The tragic death of 17 year old Jack Susianta near Lea Bridge on Wednesday afternoon is the front page story in today’s Daily Mirror (Friday 31 July 2015).
Jack drowned just below a footbridge, known as King’s Head Bridge, after running away from Police who had been called to help him. He jumped into the River Lea having run across North Millfields from his home in Clapton.
The subsequent search was between the footbridge, now decorated with flowers, and downstream Lea Bridge.
There are suggestions that the police were slow to enter the water. Around a hundred spectators, walkers and residents in the new flats, were allegedly advised not to jump into the water.
Today Lucy D’Orsi, the Metropolitan Police Commander for East London, made a long statement:
“Today’s headlines concerning the tragic story of Jack Susianta who drowned in the River Lea offers a clear picture of a complex situation. Or does it?
“Our thoughts are with Jack’s family – it is hard to comprehend the pain they must be feeling after losing a loved one so young. It’s also a traumatic event for the people on the river bank who witnessed the events unfold and the police officers involved in the incident. The call was not to investigate a crime but to help someone in distress. Reflecting on this point reminded me that policing is not all about crime. In fact over 60 per cent of what we are called to deal with in London is not crime. I, like my colleagues, joined policing to help people and that’s often the bit that is forgotton when people debate police activity.
“The Daily Mirror’s front page headline this morning, Friday 31 July, offers a definite conclusion – Police Refuse To Save Drowning Boy. No quotation marks, nothing to reflect our statement last night, Thursday, 30 July, that officers first tried to use a life aid and throw lines to him before an officer, who then needed assistance himself, entered dangerous water to try and safe Jack’s life. Met divers also entered the water in a rescue operation to try and save Jack. I saw no mention of this.
“When police have been involved in an incident where someone has died we must refer ourselves to the Independent Police Complaints Commission so they can look at the circumstances of what has happened. We have done this and this means that the detail and context around what exactly happened and the actions that were taken may take time to come out. Often when this happens the story is no longer front page news. It is only fair to Jack’s family and all those concerned in this case that we do not try to pre-empt the investigation by providing more detail than the brief description of events offered in yesterday’s statement. This feels frustrating but right.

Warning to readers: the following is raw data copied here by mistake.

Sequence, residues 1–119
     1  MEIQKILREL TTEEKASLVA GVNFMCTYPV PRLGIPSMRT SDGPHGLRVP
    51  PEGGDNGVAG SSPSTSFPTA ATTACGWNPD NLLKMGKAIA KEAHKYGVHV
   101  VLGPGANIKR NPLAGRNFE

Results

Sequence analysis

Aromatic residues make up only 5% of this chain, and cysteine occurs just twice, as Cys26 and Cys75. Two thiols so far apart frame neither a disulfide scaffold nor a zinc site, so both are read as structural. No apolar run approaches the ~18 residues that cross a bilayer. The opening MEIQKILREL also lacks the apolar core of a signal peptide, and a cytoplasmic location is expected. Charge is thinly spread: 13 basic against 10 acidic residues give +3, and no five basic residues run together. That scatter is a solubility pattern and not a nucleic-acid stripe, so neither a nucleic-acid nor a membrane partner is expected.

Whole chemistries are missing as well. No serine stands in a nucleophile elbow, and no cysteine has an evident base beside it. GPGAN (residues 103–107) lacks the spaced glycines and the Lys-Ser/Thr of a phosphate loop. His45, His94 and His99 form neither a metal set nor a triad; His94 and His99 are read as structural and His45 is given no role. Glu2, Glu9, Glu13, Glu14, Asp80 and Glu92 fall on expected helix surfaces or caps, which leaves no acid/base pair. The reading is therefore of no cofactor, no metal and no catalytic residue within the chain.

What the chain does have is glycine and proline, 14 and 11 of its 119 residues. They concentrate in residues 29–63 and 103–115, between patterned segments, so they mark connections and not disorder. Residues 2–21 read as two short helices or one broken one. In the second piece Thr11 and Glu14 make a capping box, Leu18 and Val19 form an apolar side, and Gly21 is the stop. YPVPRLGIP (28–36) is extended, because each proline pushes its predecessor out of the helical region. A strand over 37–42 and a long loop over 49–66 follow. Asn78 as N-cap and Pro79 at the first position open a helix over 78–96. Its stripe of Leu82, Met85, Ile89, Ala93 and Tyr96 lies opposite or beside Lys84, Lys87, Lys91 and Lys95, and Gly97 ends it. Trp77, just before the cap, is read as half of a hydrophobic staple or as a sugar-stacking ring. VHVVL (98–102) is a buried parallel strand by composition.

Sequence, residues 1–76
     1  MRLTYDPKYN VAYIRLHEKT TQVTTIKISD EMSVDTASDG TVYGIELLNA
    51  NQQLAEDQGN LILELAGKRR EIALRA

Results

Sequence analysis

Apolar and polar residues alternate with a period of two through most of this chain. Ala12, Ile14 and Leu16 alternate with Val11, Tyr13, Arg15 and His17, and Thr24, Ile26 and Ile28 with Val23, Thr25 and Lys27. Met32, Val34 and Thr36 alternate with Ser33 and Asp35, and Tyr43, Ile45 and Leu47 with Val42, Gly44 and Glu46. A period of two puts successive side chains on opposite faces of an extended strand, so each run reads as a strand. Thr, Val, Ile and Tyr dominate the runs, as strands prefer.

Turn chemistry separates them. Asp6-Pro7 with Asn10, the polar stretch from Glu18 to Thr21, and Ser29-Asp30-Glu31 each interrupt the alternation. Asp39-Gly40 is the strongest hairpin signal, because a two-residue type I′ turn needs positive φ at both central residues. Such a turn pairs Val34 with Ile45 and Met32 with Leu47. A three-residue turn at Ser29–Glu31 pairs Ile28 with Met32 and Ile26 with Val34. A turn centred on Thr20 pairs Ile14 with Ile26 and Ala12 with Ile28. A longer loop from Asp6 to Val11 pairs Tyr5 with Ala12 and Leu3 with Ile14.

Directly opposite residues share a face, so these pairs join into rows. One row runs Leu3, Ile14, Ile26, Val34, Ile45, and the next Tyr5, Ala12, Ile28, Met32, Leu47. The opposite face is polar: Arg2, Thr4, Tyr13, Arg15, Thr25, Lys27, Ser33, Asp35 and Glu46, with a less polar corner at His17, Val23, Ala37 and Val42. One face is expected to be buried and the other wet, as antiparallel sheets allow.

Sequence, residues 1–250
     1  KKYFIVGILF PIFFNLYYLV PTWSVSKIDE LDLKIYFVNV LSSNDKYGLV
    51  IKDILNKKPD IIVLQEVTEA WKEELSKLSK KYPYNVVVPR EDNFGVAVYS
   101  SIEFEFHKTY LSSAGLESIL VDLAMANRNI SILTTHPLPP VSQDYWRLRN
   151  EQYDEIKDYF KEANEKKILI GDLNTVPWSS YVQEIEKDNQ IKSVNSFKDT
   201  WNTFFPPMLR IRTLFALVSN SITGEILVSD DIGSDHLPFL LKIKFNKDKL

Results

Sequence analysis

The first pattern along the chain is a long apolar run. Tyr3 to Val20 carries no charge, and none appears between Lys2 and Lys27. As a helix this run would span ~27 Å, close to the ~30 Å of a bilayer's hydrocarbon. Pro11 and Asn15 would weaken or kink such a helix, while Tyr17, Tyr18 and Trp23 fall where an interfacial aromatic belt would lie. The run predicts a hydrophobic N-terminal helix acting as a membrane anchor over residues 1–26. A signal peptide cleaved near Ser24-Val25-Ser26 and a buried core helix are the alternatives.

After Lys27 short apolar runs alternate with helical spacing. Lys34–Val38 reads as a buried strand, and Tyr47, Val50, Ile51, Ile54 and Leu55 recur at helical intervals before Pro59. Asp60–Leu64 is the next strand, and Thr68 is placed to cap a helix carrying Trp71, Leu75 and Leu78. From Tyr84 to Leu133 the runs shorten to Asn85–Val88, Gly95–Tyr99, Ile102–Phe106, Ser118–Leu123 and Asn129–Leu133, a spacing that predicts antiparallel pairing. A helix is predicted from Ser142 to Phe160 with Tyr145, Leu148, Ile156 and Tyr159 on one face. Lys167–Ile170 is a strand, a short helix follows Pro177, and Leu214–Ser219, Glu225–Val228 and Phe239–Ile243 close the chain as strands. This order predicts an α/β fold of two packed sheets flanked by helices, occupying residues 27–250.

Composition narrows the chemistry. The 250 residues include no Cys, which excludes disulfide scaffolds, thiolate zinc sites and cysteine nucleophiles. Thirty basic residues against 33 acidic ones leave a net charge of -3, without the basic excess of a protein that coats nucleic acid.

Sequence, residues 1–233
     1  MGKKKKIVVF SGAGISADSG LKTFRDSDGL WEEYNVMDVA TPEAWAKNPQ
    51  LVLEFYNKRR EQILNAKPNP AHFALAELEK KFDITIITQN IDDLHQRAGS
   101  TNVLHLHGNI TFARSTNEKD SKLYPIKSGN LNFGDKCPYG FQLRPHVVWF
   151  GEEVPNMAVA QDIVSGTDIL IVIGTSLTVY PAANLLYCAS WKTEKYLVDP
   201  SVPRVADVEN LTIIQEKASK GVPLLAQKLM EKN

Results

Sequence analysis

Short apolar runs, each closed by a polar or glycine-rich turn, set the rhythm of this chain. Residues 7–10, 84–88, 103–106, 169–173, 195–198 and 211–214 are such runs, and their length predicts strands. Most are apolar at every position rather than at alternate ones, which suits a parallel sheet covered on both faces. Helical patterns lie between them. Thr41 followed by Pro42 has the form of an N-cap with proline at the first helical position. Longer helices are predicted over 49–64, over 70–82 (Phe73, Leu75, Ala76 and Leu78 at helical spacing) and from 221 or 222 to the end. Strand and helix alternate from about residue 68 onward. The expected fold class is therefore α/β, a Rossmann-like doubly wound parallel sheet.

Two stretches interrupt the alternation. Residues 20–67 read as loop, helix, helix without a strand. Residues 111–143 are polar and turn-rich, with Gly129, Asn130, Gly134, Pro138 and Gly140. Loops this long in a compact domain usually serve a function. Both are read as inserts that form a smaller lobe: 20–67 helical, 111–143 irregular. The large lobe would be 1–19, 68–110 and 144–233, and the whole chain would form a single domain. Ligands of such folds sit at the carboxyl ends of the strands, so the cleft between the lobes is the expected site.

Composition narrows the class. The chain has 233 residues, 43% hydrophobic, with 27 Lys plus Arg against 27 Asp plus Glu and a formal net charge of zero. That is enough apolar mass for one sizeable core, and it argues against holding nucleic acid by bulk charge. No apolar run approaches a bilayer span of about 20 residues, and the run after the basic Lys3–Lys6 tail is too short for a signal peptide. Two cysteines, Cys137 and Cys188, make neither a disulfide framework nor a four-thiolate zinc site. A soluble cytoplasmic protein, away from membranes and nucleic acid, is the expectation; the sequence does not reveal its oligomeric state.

“Our world is one of immediate news at a fast pace. We accept that headlines will be written before investigations have had time to run their course but this is sometimes disappointing and hard to understand. I think it is only fair on those involved in this incident to make sure that the way it is reported does reflect, for very valid reasons, the full context and the facts. Of course newspapers should quote the views of others but surely it would also be fair to reflect that the situation may, or may not be, more complex than some of the stories concerning this incident are reflecting. That might include putting quotation marks around a headline which is presented as a very factual statement.
“My colleagues across London deal with high risk situations everyday, putting themselves at risk and running to things that most would run from. It’s not easy for them or their families and therefore when judged I believe they deserve to be judged fairly.
“Followers of our Facebook pages will regularly read stories of officers who have been involved in incidents where lives have been saved, including water rescues. They are humbling stories which make me proud of the service we provide to Londoners. These rarely get reported in the national media but I recognise that in a democratic society which is proud of freedom of speech it is not for the police to suggest what is or is not editorially important. As it happens these Facebook posts are among our most popular.
“Our officers deserve a fair and independent investigation into how an incident such as this has unfolded but most importantly so do Jack’s family who are dealing with grief which most of us hope never to have to experience. A proper explanation of the circumstances surrounding the incident is required for everyone and I don’t think that has been reflected in the way it has been presented so far in the media.”